Tadman: The moment he caught it, my heart just dropped. It had been 15 minutes of “Holy crap, if we don’t stop the bleeding, this is gonna get bad. We need to stop it, we need to make a play,” and then that happened. It was just heartbreaking. “I can’t believe we’re gonna end it by giving it away.”
Johnson: My first thought was, “Well, I fumbled two drives ago, at least it won’t be my fault anymore!”
Perretta: Here we are, fairy tale ending to a great season, and we got the game stolen from us. It would end like that, to someone who’s an underdog. You’ve got to be kidding me.
James: He throws it, and all the sudden I’m like, “No, nooooo!” Then you hear everyone screaming and you see the No. 24 jersey streaking to the end zone and you’re like, “Oh. My. God.”
Zabransky: As soon as the ball was leaving my fingertips I said, “Oh, s---!” I was running, trying to chase him down. I’m glad I didn’t dive and get him at the five or something.
Marcus Walker, Oklahoma defensive back: Ugh. I try not to remember that play.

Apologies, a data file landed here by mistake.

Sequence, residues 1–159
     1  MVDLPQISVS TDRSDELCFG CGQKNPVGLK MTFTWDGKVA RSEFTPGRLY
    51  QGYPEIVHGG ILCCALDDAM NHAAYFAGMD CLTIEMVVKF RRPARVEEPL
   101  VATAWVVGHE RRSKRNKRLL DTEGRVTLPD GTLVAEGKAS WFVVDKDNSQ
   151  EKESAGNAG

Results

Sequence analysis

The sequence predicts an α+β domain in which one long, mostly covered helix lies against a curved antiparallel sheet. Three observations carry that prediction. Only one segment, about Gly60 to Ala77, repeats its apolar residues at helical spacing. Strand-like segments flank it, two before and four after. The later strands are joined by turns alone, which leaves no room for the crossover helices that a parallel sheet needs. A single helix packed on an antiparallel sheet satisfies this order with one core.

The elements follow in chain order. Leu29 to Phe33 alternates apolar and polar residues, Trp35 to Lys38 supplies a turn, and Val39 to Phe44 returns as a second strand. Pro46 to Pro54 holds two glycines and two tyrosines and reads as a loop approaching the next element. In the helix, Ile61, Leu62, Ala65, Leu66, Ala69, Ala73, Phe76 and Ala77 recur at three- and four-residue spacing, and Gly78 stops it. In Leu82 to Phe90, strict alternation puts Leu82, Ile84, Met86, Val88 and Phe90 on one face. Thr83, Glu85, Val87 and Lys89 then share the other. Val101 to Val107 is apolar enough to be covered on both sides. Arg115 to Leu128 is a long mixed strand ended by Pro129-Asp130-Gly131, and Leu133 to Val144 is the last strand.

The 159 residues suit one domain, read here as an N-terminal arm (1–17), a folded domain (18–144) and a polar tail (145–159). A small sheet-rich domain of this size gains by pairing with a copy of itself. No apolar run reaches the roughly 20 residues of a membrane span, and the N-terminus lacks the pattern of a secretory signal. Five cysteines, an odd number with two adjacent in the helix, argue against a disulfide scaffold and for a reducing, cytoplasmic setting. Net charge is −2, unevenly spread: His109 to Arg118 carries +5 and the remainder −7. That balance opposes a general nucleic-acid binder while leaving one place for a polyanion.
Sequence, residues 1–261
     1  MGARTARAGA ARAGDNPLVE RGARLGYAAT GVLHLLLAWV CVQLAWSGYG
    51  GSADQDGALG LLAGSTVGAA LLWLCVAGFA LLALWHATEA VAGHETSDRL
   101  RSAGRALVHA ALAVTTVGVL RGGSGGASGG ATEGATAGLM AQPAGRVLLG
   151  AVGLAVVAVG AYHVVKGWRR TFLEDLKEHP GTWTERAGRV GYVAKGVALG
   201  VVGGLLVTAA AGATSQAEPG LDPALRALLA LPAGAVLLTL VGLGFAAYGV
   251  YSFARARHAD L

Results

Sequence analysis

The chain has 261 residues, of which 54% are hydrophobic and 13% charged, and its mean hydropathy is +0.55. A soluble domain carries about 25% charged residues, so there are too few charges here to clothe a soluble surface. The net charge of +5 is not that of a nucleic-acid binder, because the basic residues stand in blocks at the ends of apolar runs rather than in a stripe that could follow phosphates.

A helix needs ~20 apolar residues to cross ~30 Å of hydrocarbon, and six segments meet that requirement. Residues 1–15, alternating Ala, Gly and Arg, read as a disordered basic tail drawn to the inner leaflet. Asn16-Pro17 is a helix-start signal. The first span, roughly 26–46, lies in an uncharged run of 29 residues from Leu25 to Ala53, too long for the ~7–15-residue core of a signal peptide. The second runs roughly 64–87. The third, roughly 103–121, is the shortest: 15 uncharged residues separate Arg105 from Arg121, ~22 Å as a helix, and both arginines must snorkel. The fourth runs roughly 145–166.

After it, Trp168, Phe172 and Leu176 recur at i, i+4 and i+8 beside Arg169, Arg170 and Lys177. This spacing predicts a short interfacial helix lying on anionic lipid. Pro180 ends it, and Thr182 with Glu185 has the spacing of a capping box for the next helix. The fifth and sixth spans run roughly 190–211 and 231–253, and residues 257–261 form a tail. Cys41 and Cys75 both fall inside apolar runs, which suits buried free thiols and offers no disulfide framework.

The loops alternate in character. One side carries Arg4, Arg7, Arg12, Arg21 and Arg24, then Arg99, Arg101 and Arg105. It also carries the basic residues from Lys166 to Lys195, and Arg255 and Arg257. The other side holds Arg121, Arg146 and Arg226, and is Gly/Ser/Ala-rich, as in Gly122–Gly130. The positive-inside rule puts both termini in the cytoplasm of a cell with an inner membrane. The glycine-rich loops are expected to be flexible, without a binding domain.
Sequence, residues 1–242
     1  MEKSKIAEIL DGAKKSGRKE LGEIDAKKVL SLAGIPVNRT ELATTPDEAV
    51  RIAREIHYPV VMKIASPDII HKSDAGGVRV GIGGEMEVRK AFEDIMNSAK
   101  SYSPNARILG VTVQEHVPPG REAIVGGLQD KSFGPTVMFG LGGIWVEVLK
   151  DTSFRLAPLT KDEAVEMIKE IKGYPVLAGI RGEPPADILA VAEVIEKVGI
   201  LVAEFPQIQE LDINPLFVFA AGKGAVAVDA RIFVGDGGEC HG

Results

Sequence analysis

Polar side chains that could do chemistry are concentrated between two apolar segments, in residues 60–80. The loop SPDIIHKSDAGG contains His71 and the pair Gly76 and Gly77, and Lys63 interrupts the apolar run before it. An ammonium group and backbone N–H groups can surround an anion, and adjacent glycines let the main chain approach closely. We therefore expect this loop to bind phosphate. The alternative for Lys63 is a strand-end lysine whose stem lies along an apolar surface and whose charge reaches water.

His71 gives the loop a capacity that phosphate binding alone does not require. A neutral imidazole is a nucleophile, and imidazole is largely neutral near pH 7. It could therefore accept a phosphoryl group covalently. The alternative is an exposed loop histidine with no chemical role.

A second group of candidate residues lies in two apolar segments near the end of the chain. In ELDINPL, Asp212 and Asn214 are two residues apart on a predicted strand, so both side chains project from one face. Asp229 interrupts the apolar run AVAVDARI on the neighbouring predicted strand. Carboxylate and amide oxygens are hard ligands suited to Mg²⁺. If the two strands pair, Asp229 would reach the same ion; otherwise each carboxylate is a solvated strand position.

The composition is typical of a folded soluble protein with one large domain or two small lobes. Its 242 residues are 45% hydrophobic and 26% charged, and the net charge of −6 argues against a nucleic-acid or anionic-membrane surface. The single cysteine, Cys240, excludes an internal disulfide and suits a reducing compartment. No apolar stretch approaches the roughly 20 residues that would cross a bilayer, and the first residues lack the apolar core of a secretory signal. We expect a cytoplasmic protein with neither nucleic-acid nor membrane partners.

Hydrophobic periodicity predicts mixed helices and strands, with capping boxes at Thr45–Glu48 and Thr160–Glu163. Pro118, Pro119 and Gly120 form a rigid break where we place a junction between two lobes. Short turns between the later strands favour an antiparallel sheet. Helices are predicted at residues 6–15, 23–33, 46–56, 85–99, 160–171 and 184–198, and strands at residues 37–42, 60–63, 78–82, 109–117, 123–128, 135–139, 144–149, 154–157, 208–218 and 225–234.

Bob Stoops, Oklahoma coach: The ironic part is, if he takes a knee at the one, we kick a field goal with a second to go, and game’s over. But that’s not what you’re used to doing when you intercept the ball.
Walker’s score gave Oklahoma a 35–28 lead, and Boise State fans started to flood out of the stadium. The Broncos tried to rally but found themselves facing a fourth-and-18 on the 50 with only 18 seconds remaining. On the sideline Taylor Tharp, Boise State’s backup quarterback, pantomimed juggling. The call was Circus, the Broncos’ hook-and-lateral play.
Perretta: There’s always hope, but when they called that play, I wasn’t too hopeful.
James: In the huddle, I hear that play come in and I’m like, what the hell are we doing?